You know, journalists – whatever they may think of themselves – didn’t sign up to get shot at. There’s no particular dishonor in non-combatants bugging out when the rounds start to fly. But you’d think they’d have the common sense and humility to be just a little less condescending and sneering about those who’ve volunteered to turn to the sound of the guns, rather than flee from them.

I guess every man is the hero of his own tale.

Update: In case you think this sort of thing only happens in POME – although I know you didn’t – take a gander at this little bit ** of internally directed criticism at what passes for current journalistic ethics:

I watched with disbelief as the nation’s leading newspapers, many of whom I’d written for in the past, slowly let opinion pieces creep into the news section, and from there onto the front page.  Personal opinions and comments that, had they appeared in my stories in 1979, would have gotten my butt kicked by the nearest copy editor, were now standard operating procedure at the New York Times, the Washington Post, and soon after in almost every small town paper in the U.S…

(Nothing), nothing I’ve seen has matched the media bias on display in the current Presidential campaign.  Republicans are justifiably foaming at the mouth over the sheer one-sidedness of the press coverage of the two candidates and their running mates.  But in the last few days, even Democrats, who have been gloating over the pass – no, make that shameless support – they’ve gotten from the press, are starting to get uncomfortable as they realize that no one wins in the long run when we don’t have a free and fair press.  I was one of the first people in the traditional media to call for the firing of Dan Rather – not because of his phony story, but because he refused to admit his mistake – but, bless him, even Gunga Dan thinks the media is one-sided in this election.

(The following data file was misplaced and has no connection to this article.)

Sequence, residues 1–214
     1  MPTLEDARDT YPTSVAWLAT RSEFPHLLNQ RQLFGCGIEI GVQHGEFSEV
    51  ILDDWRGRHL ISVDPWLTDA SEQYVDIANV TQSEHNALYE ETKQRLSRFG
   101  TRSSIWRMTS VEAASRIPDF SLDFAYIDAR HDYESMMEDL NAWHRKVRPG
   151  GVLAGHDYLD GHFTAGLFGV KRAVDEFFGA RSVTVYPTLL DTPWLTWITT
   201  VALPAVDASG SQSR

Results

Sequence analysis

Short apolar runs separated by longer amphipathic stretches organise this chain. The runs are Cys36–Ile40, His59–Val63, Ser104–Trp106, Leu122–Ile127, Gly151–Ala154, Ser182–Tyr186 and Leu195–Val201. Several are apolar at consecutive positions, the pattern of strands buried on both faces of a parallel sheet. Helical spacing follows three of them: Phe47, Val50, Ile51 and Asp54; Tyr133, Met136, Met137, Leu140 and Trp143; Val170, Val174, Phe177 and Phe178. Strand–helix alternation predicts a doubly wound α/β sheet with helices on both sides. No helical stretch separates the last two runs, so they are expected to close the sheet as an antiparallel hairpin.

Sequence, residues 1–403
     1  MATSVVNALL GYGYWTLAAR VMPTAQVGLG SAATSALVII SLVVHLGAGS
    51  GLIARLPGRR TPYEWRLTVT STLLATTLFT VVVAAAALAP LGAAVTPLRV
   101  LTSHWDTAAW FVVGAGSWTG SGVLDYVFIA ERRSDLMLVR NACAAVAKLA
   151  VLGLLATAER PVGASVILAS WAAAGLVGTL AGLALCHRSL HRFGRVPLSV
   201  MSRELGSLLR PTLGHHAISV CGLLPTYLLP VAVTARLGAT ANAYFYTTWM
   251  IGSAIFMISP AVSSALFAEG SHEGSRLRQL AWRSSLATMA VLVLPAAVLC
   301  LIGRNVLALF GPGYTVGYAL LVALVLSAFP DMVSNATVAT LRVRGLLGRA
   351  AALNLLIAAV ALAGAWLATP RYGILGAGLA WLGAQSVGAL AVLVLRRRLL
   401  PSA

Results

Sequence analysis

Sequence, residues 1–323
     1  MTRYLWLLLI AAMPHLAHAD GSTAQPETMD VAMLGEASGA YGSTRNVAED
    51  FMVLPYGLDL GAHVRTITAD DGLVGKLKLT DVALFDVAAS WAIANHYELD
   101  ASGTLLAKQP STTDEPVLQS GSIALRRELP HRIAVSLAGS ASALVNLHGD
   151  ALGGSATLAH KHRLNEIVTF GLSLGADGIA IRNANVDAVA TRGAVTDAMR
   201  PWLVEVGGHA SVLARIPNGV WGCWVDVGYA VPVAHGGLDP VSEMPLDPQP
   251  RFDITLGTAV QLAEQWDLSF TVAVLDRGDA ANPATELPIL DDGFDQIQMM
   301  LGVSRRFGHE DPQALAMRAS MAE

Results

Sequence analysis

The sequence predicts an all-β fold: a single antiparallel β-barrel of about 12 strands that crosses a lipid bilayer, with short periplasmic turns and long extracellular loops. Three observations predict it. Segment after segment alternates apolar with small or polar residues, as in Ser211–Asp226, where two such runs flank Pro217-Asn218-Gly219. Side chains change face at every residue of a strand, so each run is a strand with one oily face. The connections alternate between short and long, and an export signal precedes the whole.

Now, don’t get me wrong.  I’m not one of those people who think the media has been too hard on, say, Gov. Palin, by rushing reportorial SWAT teams to Alaska to rifle through her garbage.  This is the Big Leagues, and if she wants to suit up and take the field, then Gov. Palin better be ready to play.  The few instances where I think the press has gone too far – such as the Times reporter talking to Cindy McCain’s daughter’s MySpace friends – can easily be solved with a few newsroom smackdowns and temporary repostings to the Omaha Bureau.

No, what I object to (and I think most other Americans do as well) is the lack of equivalent hardball coverage of the other side – or worse, actively serving as attack dogs for Senators Obama and Biden. 

But it’s all for the best, see? Because if we’ve learned anything at all, it’s that we just can’t count on an informed electorate to vote in their own self-interest. They have to be led.

What with all the bitter clinging, and that.

** 08-27-2018 Original link gone; replacement found – Ed.


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Filed under Afghanistan, Best of Neptunus Lex, Carroll "Lex" LeFon, Carroll LeFon, Lex, Neptunus Lex, Politics and Culture